LOUISVILLE — The expected pace scenario for the 137th Kentucky Derby took a twist Tuesday as word came down that Grade I winner J P's Gusto and Rebel Stakes winner The Factor will not contest the 11/4-mile classic.
On yet another soggy morning at Churchill Downs, trainer Bob Baffert said he was "leaning against" starting The Factor in the first leg of the Triple Crown.
Shortly after that statement, owner George Bolton confirmed that they were going to err on the side of caution and officially remove The Factor from Derby consideration.
"It's much too quick," Bolton said. "We don't want to run a horse that isn't right. The right thing for The Factor is to wait and go either to the Preakness, Met Mile, Woody Stephens or something like that."
The Factor displaced his palate during his seventh-place finish in the Grade I Arkansas Derby on April 16 and underwent minor throat surgery last week to correct the issue.
Baffert said his concerns about The Factor's one-dimensional running style and ability to handle the 11/4 miles were also big reasons he is inclined to point the son of War Front to a different race.
A confirmed front-runner, The Factor blazed his way to victories in the Grade II San Vicente and a 61/4-length win in the Rebel while on the lead but was clearly not as comfortable when he had to sit off horses in the Arkansas Derby — displaced palate or not.
"We want to get him really right, and the mile and a quarter has always been in the back of my mind," Baffert said. "He's going to want to go too fast. He's not a true mile-and-a-quarter horse."
J P's Gusto, who set the pace in the Arkansas Derby before fading to eighth, was also withdrawn from consideration from the Derby, according to John O'Hara, racing manager for owner Gem Inc.
The defections of J P's Gusto and The Factor not only play favorably for horses such as Soldat and Uncle Mo, who probably will be on or close to the pace, but they also clear the way for Florida Derby runner-up Shackleford and Twinspired, second in the Grade I Blue Grass Stakes, to crack the top 20 on the graded-stakes earnings list and get into the Kentucky Derby field.
The Daily Racing Form reported that Mike Smith will ride Twinspired in the Derby.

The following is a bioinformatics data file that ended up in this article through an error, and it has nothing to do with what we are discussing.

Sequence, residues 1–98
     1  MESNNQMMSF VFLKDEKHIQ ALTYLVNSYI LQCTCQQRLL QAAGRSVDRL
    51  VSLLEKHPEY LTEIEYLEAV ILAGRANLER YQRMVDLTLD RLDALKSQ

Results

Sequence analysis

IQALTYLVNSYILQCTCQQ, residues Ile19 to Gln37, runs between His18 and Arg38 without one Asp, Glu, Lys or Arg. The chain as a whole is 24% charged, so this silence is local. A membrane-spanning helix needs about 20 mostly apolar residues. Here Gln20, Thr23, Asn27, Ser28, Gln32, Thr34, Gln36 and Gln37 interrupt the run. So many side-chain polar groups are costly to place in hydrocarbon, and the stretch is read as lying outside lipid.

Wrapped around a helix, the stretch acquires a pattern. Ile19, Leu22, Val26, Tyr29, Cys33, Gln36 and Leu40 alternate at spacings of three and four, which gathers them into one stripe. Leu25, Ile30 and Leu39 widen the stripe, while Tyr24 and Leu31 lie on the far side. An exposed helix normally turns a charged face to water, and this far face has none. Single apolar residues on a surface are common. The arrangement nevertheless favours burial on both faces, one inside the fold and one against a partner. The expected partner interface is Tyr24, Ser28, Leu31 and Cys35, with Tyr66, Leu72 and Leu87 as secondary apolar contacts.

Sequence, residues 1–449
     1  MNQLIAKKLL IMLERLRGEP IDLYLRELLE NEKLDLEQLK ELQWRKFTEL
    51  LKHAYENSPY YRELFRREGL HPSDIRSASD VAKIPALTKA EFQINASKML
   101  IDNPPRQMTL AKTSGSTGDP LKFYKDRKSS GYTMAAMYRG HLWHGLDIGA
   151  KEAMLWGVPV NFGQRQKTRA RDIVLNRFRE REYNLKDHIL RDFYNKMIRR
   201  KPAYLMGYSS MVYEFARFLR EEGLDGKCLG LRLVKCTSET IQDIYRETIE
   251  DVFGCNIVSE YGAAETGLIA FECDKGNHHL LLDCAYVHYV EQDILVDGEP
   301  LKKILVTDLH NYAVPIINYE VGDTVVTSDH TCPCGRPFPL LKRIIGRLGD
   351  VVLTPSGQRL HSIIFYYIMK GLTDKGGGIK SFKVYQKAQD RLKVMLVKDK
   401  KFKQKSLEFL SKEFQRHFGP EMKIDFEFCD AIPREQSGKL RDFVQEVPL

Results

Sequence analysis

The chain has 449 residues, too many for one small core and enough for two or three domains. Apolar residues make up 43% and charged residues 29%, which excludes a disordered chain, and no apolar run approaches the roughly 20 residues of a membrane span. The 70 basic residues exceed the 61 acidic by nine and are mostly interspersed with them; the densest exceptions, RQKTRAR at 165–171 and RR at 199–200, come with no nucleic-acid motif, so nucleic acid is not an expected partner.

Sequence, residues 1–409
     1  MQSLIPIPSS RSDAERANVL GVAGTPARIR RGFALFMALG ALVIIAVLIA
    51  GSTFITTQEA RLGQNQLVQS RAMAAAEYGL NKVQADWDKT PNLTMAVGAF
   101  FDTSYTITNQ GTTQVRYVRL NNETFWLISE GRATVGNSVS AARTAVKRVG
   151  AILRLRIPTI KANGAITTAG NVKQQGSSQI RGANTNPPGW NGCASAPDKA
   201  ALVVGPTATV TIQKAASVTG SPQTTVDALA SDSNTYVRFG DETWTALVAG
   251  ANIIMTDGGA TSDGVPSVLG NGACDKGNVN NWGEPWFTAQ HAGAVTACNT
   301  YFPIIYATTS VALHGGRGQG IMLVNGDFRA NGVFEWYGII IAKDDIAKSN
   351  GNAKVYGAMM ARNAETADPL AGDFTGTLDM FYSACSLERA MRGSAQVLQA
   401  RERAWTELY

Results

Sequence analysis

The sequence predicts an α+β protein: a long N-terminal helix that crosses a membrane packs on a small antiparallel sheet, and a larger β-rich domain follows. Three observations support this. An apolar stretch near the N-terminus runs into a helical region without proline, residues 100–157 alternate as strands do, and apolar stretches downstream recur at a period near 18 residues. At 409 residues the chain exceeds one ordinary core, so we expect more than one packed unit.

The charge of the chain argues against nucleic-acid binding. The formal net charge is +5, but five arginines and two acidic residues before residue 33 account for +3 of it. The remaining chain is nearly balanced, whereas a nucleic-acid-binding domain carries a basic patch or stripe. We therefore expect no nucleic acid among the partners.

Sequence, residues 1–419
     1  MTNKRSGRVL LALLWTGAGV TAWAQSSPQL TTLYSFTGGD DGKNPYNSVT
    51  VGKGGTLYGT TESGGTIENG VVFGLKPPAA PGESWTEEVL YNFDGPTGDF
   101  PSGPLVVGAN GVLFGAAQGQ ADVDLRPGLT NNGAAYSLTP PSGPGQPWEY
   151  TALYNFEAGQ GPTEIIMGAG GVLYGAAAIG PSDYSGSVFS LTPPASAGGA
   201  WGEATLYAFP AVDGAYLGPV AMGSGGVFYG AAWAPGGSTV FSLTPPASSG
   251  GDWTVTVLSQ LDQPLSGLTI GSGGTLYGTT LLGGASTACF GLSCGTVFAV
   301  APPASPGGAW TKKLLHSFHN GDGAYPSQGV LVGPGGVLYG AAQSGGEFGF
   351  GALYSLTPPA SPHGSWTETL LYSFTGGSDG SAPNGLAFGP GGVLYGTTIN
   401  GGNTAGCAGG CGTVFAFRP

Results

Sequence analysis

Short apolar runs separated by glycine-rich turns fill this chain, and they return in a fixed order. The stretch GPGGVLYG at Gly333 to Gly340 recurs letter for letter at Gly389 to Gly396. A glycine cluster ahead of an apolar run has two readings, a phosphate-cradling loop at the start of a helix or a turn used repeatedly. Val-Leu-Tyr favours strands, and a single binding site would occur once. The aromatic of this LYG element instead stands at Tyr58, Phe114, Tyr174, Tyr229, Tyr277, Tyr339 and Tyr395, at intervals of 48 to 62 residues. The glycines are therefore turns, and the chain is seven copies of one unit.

Silver Medallion, fourth in the Grade III Coolmore Lexington Stakes last weekend, is now the first horse out.
Midnight Interlude, Santiva put in works
Baffert does have one Kentucky Derby hopeful left in Grade I Santa Anita Derby winner Midnight Interlude, and the Hall of Fame trainer was further encouraged by his chances after the colt worked 6 furlongs in company over the sloppy Churchill track Tuesday.
The son of War Chant worked along with stablemate Mythical Power, covering the distance in 1:133⁄5.
"He's tough, he's a tough horse," Baffert said of the move. "He got a lot out of it."
Tom Walters' Santiva also worked in company Tuesday, drilling 4 furlongs in :491⁄5.
Baffert endured a heart-wrenching morning as Gilded Gem, a filly who was pointing for the Grade I Humana Distaff, broke down after working in company with Kentucky Oaks hopeful Plum Pretty. Gilded Gem was euthanized because of fatal ankle fractures.
"It just scares you," Baffert said. "I'm still in shock over it. It (happened) after the work. She was done working. That's when she did it, was pulling up."
Plum Pretty completed her 7-furlong move in 1:282⁄5.
Repole: Dominguez will ride Stay Thirsty
Owner Mike Repole said Eclipse Award winner Ramon Dominguez will ride graded- stakes winner Stay Thirsty in the Kentucky Derby.
Three-time Kentucky Derby-winning jockey Calvin Borel guided Stay Thirsty through his latest workout at Churchill Downs this past weekend, but Dominguez has ridden Stay Thirsty in his last two starts, including his win in the Grade III Gotham Stakes on March 5.
"(Trainer) Todd (Pletcher) and I spoke after Mo's work and we decided to go with Ramon," said Repole, who also owns 2-year-old champion Uncle Mo.
Borel helped Pletcher win his first Kentucky Derby last year when he guided Super Saver to victory — the third Derby win in the last four years for the affable rider.
"I am surprised actually," Pletcher said Tuesday morning — before the decision had been made — when asked whether he was shocked Borel doesn't yet have a Derby mount. "A lot of it has to do with preps, and he obviously didn't have a horse that ran well enough in some of the preps to get here.
"We are aware of Calvin's success here, but we also have to respect commitments we've had before."